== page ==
Q: Are mitigation payments under Code Section 139 tax free?
A: Qualified disaster relief payments are excludable from the recipient's income. Such payments are amounts paid under the Robert T. Stafford Disaster Relief and Emergency Assistance Act or the National Flood Insurance Act (as in effect on April 15, 2005) to or for the benefit of the owner of any property for hazard mitigation. There is no resulting increase in the basis or adjusted basis of the property for which the payments are made. Also, no person for whose benefit a qualified disaster relief or mitigation payment is made is allowed to take a deduction or credit due to an expenditure for which exclusion for a payment is granted. The exclusion does not apply to amounts received for the sale or disposition of property.
Q: Do you have to subtract FEMA payments in arriving at the calculation for your net casualty loss?
A: According to page 6 of Publication 547, food, medical supplies, and other forms of assistance you receive do not reduce your casualty loss, unless they are replacements for lost or destroyed property. In calculating your casualty loss, if the payment is for replacement of lost or destroyed property, then you would subtract the amount in figuring your casualty loss.
Q: How are FEMA "Individuals and Households Program" payments treated for income tax purposes?
A: Under the Individuals and Households Program (IHP), FEMA provides grant payments to individuals for critical expenses and losses, not covered by insurance or in other ways that are incurred as a result of a federally declared disaster. FEMA makes the following types of payments under the program:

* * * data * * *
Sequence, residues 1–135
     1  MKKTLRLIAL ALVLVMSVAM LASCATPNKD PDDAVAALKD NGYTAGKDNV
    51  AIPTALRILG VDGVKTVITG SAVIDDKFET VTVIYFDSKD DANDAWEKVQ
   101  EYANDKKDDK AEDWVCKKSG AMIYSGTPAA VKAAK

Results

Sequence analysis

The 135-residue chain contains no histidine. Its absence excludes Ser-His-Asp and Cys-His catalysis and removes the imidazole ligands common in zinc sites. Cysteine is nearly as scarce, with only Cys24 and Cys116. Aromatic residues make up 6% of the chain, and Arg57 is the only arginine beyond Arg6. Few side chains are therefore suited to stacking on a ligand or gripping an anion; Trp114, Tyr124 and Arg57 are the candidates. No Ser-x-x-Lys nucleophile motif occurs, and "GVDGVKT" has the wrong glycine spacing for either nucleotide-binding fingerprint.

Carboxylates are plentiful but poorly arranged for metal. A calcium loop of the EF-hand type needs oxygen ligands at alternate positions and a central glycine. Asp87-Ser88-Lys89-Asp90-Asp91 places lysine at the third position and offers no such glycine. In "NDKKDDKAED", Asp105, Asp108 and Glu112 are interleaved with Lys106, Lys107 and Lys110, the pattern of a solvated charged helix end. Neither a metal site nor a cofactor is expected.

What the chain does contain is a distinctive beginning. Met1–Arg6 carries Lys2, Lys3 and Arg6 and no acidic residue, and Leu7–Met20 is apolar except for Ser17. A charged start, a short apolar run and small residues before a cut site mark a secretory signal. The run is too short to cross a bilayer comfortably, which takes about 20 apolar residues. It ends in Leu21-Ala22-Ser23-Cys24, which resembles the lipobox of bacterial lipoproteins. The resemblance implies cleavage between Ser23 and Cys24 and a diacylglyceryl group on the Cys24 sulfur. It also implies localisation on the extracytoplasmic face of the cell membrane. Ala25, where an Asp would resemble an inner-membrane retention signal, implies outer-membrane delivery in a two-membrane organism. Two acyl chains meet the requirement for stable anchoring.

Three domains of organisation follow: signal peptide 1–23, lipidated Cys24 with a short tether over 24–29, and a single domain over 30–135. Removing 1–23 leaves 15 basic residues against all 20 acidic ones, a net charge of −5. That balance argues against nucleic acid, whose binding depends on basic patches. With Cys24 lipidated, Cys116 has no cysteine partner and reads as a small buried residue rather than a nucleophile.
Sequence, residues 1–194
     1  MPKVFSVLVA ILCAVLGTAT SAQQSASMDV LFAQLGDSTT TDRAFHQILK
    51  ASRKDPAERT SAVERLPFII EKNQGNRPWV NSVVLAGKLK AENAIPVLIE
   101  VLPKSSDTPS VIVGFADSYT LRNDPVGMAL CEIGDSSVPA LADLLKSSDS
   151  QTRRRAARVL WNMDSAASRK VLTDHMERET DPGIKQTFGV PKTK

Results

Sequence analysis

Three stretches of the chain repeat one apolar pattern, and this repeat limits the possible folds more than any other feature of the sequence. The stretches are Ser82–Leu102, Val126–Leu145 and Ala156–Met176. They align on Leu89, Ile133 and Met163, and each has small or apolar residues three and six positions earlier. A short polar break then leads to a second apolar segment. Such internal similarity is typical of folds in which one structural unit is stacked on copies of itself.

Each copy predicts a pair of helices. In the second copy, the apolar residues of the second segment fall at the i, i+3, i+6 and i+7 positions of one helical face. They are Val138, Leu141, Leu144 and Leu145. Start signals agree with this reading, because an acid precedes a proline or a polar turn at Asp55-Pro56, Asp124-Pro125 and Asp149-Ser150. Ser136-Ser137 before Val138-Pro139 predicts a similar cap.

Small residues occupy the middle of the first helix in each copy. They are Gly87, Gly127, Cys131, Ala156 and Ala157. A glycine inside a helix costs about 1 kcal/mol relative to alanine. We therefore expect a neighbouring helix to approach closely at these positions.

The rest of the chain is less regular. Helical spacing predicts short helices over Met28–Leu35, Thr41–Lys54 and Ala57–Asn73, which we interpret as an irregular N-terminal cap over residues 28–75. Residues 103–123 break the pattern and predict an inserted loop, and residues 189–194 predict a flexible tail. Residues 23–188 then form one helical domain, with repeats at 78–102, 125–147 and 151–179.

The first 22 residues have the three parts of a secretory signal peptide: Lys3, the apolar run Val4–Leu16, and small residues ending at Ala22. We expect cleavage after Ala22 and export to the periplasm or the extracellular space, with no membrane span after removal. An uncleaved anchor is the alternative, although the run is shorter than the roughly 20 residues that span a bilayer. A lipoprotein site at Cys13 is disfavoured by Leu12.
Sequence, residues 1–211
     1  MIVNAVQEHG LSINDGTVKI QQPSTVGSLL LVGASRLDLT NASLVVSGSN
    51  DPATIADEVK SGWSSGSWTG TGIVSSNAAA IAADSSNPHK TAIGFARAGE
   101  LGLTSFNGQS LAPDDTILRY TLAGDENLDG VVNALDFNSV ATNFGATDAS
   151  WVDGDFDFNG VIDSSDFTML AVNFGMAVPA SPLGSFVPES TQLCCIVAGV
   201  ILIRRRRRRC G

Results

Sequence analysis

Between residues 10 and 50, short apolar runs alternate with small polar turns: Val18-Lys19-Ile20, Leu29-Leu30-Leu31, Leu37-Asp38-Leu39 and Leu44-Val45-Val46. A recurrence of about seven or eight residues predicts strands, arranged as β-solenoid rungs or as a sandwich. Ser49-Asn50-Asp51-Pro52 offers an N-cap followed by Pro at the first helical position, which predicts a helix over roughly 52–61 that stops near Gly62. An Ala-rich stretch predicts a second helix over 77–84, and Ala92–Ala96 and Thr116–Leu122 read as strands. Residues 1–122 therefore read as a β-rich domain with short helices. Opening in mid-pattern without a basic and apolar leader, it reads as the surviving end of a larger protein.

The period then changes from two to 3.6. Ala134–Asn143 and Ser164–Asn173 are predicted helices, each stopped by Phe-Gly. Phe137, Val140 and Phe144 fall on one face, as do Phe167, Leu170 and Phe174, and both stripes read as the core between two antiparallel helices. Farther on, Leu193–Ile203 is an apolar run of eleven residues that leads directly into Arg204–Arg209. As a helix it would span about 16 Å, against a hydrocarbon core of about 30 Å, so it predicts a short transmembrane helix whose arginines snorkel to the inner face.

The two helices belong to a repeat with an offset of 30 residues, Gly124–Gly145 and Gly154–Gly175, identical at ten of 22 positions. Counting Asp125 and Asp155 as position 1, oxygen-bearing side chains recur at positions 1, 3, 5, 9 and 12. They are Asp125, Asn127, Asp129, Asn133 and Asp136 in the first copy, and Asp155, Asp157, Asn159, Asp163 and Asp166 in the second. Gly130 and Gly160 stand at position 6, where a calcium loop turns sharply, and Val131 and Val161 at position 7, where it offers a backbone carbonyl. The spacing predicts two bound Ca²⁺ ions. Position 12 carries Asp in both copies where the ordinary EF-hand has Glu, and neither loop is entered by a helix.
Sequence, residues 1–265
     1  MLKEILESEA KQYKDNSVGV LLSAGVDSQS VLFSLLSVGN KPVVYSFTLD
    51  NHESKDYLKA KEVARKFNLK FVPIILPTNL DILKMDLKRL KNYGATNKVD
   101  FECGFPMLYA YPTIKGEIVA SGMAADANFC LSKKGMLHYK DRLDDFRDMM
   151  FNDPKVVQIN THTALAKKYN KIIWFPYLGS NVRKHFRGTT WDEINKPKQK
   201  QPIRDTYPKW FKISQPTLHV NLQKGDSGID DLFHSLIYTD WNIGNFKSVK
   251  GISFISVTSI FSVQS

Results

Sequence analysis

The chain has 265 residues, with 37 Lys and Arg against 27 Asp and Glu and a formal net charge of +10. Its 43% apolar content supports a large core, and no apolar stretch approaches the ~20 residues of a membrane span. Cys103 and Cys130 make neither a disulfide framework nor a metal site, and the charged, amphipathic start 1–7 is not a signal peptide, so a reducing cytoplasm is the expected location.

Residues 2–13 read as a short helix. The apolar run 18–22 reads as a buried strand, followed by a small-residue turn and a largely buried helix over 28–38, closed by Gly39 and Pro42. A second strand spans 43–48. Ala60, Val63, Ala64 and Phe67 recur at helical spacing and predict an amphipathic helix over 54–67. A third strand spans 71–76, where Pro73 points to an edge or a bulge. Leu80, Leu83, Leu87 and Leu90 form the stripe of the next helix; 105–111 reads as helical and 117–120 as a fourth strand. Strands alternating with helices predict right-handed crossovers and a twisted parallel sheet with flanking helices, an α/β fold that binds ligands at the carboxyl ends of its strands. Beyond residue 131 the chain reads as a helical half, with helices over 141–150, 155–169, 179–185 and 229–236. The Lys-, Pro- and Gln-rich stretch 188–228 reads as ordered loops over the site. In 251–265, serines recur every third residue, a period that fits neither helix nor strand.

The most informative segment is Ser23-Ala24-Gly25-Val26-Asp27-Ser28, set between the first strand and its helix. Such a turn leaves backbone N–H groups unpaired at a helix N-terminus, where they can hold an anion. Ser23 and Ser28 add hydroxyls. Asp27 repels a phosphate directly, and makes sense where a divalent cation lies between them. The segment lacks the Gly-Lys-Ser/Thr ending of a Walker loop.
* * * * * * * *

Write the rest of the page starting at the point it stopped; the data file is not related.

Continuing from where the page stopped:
Temporary Housing Assistance: To rent a different place to live or a government provided housing unit when rental properties are not available.
Repair Assistance: For homeowners to repair damage from the disaster to their primary residence that is not covered by insurance. The goal is to make the damaged home safe, sanitary, and functional.
Replacement Assistance: For homeowners to replace their primary residence destroyed in the disaster that is not covered by insurance.
Other Needs Assistance: For necessary expenses and serious needs caused by the disaster, such as medical, dental, funeral, personal property, transportation, moving, and storage.
In general, FEMA IHP payments received by eligible individuals for any of the above purposes are excluded from his or her gross income for federal income tax purposes to the extent that the expenses compensated for by the IHP payments are not compensated for by insurance or otherwise.
The recipient of a FEMA IHP repair assistance payment or replacement assistance payment must reduce the amount of any casualty loss attributable to the damaged or destroyed residence by the amount of the FEMA IHP payment. In addition, the recipient must reduce his or her tax basis in the damaged or destroyed residence by the amount of the FEMA IHP repair assistance payment or replacement assistance payment, as well as by the amount of the allowable casualty loss deduction attributable to the damaged or destroyed residence. If the recipient repairs a damaged residence, the cost of repairs ordinarily is capitalized and added to the recipient’s tax basis in the damaged residence. For more information on determining your adjusted basis, see Publication 530, Tax information for First-Time Homeowners and Publication 551, Basis of Assets.